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Pterostylis microphylla facts for kids

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Small rosette snail orchid
Pterostylis microphylla.jpg
Pterostylis microphylla at the type location near Gull Rock
Scientific classification

Diplodium microphyllum (D.L.Jones & C.J.French) D.L.Jones & M.A.Clem.

Pterostylis microphylla, commonly known as the small rosette snail orchid, is a species of orchid endemic to the south-west of Western Australia. As with similar greenhoods, the flowering plants differ from those which are not flowering. The non-flowering plants have a rosette of leaves flat on the ground but the flowering plants have a single flower with leaves on the flowering spike. In this species, the flower is white and green with narrow, erect lateral sepals and a small labellum.

Pterostylis microphylla rosette
leaf rosette


Pterostylis microphylla is a terrestrial, perennial, deciduous, herb with an underground tuber and when not flowering, a rosette of small leaves. The rosette is 10–20 mm (0.4–0.8 in) in diameter. Flowering plants have a single green and white flower 10–15 mm (0.4–0.6 in) long and 4–6 mm (0.16–0.24 in) wide on a flowering stem 60–150 mm (2–6 in) high. There are two or three stem leaves 6–10 mm (0.2–0.4 in) long and 2–4 mm (0.08–0.2 in) wide on the flowering stem. The dorsal sepal and petals are fused, forming a hood or "galea" over the column and the dorsal sepal has a short point. The lateral sepals are held closely against the galea, 10–20 mm (0.4–0.8 in) long and have thin, erect tips. The labellum is small and not visible from outside the flower. Flowering occurs from August to October.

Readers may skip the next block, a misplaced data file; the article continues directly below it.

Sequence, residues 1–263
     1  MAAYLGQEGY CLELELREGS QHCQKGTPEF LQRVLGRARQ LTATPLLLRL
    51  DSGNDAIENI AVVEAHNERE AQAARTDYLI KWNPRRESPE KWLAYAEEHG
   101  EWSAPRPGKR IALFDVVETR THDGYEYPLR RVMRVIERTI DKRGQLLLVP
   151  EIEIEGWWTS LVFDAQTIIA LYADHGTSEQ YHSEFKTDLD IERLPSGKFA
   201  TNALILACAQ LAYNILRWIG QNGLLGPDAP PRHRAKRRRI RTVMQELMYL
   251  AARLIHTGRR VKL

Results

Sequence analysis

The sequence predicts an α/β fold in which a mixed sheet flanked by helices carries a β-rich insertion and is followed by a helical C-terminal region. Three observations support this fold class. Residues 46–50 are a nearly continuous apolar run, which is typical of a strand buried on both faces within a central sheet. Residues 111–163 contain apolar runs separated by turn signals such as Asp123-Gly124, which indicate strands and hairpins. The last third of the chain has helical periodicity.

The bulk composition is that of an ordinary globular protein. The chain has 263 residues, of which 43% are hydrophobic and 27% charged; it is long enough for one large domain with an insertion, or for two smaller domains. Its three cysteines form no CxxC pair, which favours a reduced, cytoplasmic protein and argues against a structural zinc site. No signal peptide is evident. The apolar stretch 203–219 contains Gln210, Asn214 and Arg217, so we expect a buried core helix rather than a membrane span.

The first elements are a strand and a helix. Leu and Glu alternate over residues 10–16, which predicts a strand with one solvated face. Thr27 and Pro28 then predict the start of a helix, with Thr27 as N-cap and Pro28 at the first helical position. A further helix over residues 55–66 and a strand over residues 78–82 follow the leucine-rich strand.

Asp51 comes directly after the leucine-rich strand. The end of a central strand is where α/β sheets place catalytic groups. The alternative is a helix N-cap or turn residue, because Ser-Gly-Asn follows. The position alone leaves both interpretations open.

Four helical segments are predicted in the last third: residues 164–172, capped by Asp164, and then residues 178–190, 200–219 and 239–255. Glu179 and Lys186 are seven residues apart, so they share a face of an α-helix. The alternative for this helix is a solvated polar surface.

Taxonomy and naming

Pterostylis microphylla was first formally described in 2014 by David Jones and Christopher French from a specimen collected near Gull Rock Road east of Albany and the description was published in Australian Orchid Review. The specific epithet (microphylla) is derived from the Ancient Greek words mikros meaning "small" or "little" and phyllon meaning "leaf".

Distribution and habitat

The small rosette snail orchid grows under dense shrubs in swampy places between Augusta and Albany in the Jarrah Forest and Warren biogeographic regions.


Pterostylis microphylla is listed as "not threatened" by the Government of Western Australia Department of Parks and Wildlife.

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